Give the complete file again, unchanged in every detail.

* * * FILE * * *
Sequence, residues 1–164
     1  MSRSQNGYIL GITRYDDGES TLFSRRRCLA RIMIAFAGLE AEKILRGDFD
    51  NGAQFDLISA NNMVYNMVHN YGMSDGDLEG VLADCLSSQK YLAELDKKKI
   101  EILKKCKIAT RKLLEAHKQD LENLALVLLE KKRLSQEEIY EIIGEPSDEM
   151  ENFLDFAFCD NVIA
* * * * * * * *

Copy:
Sequence, residues 1–164
     1  MSRSQNGYIL GITRYDDGES TLFSRRRCLA RIMIAFAGLE AEKILRGDFD
    51  NGAQFDLISA NNMVYNMVHN YGMSDGDLEG VLADCLSSQK YLAELDKKKI
   101  EILKKCKIAT RKLLEAHKQD LENLALVLLE KKRLSQEEIY EIIGEPSDEM
   151  ENFLDFAFCD NVIA